The Context: The purpose of the article is to delve deep into the war-driven psyche of the human race. The article examines and explores the different kinds of wars and how they impact the socio-ecological balance in varied perspectives. The article moves on to identify and exemplify some of the everyday workplace expressions that fit the ‘war-vocab’ and reflect the ‘barrack’ mentality of the speakers using the war lingo.
War Psyche – The Thought Process
Our history has been besieged with war. War is inevitably the restorer of social order and a pioneer of a new status quo. All the mighty wars ever fought have spelled order and justice throughout the great course of our natural human evolution. War is inevitable. It is a ‘natural’ and ‘instinctive’ phenomenon —so claim the votaries of psychology and philosophy (Freud, Nietzsche, et al).
Microcosmically, every wave is a result of friction. Within our body, our own cells fight any of the foreign invading viruses- this is called an immune -response. Macrocosmically, the brightest of stars end up as black holes and the spiraling galaxies recede into quiescence. The universe that we know is about 13.7 billion years, but it cannot last for more than another 5 billion years. Why? The universe too is in the constant expansion mode and would eventually wear itself out of its need to conquest – Another warlike equation.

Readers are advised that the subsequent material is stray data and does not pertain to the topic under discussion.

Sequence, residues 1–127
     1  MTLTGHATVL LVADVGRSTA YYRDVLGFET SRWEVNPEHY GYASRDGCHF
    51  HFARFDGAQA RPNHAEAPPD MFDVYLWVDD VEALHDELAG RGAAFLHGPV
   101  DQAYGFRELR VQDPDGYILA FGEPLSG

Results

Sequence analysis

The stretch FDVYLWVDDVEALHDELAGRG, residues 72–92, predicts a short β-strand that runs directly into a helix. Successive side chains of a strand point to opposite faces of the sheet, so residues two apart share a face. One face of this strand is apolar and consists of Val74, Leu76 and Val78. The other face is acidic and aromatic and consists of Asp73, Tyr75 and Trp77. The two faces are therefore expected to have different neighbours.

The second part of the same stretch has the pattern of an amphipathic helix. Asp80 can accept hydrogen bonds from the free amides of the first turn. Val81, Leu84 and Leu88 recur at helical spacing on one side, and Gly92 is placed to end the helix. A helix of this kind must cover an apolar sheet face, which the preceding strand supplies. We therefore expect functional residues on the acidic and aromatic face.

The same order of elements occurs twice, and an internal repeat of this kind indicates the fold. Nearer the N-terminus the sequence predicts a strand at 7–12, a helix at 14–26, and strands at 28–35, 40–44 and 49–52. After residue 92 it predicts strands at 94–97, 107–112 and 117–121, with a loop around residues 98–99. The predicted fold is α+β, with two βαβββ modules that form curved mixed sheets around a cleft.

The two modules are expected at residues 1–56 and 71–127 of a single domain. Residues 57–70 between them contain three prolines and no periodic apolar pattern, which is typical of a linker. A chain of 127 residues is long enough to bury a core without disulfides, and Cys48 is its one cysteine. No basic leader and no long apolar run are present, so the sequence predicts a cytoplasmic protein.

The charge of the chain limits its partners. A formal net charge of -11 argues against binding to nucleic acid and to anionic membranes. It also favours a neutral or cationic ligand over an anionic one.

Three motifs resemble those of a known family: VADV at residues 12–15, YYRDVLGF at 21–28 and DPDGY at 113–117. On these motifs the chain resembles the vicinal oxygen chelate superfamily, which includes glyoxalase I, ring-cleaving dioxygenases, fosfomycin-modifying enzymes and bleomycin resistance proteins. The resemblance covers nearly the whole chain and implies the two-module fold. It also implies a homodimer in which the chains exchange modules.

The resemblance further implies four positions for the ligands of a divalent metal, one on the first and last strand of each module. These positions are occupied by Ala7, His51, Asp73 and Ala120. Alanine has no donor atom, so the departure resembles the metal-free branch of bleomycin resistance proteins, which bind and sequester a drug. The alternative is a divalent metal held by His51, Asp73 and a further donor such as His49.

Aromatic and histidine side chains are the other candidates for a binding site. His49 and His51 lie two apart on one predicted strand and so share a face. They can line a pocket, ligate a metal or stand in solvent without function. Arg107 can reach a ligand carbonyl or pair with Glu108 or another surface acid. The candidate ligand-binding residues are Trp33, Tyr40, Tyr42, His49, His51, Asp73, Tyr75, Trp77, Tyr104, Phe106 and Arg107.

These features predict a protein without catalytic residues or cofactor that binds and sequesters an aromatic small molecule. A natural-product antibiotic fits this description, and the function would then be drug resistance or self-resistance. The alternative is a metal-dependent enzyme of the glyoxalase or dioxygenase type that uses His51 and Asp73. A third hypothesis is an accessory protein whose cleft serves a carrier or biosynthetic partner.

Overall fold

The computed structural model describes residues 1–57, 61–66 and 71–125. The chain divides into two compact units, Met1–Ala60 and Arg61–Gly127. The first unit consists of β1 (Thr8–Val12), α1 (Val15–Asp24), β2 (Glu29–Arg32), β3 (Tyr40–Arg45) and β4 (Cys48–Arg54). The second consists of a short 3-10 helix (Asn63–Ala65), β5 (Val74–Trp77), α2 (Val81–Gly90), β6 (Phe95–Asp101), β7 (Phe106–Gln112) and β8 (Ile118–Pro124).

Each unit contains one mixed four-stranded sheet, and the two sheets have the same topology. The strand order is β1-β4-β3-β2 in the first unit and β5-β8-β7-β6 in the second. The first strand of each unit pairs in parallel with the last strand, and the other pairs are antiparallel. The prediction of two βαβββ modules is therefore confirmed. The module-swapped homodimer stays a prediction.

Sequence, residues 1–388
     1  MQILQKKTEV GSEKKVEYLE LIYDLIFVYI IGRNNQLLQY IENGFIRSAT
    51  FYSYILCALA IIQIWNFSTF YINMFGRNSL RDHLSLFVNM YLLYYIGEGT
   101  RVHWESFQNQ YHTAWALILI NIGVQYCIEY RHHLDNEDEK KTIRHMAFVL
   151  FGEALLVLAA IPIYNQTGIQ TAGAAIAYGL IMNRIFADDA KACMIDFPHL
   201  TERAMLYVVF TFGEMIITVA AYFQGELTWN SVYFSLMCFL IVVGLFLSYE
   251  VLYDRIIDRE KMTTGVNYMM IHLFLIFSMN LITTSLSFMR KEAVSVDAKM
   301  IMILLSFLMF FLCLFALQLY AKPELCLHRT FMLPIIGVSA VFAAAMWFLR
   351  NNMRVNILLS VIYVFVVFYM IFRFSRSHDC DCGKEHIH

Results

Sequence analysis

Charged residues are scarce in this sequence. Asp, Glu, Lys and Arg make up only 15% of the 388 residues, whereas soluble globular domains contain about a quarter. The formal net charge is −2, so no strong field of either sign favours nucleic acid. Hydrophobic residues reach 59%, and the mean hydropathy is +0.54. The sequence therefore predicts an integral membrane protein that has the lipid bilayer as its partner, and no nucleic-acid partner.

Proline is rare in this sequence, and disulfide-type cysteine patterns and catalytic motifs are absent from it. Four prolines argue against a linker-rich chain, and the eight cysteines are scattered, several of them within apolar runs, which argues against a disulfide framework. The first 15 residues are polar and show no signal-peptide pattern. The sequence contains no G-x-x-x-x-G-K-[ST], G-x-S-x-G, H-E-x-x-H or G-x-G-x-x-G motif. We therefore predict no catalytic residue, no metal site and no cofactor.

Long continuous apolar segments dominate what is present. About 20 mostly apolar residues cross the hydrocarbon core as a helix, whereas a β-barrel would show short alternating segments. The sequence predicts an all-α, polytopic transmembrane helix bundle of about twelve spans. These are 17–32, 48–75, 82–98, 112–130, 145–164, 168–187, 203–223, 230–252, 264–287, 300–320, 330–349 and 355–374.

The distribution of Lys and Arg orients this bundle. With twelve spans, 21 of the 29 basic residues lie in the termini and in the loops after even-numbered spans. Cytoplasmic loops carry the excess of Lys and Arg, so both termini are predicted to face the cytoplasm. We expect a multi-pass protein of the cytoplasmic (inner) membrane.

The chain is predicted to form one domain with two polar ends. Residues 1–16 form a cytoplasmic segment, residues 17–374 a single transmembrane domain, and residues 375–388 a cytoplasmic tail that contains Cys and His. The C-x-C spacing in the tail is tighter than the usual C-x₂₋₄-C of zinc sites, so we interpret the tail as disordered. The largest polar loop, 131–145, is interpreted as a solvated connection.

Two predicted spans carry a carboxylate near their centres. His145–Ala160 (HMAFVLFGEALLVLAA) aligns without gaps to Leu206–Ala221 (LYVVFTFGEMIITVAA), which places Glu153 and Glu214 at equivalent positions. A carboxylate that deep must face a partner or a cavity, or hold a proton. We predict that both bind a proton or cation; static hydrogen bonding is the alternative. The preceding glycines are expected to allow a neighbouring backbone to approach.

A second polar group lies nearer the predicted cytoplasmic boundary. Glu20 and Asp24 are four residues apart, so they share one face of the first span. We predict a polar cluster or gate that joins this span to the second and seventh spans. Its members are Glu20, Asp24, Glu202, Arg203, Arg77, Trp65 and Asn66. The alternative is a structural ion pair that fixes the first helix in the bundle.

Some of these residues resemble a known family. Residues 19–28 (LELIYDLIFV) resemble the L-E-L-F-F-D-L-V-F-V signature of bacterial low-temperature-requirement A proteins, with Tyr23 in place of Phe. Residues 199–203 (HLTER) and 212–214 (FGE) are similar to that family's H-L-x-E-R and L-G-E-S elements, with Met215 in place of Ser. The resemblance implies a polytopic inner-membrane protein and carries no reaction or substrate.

Different Kind of Wars and its Ecological Impact
Wikipedia quotes the four major ongoing wars as the Afghan, Yemeni, Syrian civil wars, and the Mexican drug war.
Howsoever ingrained the war-psyche may be in our mindsets, the stock market does take a tumble every time there is a possibility of war. Even trade wars! A 2019 report from Bloomberg Economics estimated that the trade war would cost the U.S. economy $316 billion by the end of 2020, while more recent research from the Federal Reserve Bank of New York and Columbia University found that U.S. companies lost at least $1.7 trillion in the price of their stocks as a result of tariffs imposed on imports from China. Wikipedia quotes the four major ongoing wars as the Afghan, Yemeni, Syrian civil wars, and the Mexican drug war. Cumulatively they have had more than 10,000 human deaths in the past and the present year. The Great Depression (1929), the Economic Crisis of 1970 (post-Vietnamese war), the ethnic cleansing in Kosovo (1999), the Syrian Refugee Crisis (2017 to date), the Ukrainian fighting (2014 to date) can all be largely attributed to the inherent and insatiable human appetite for war.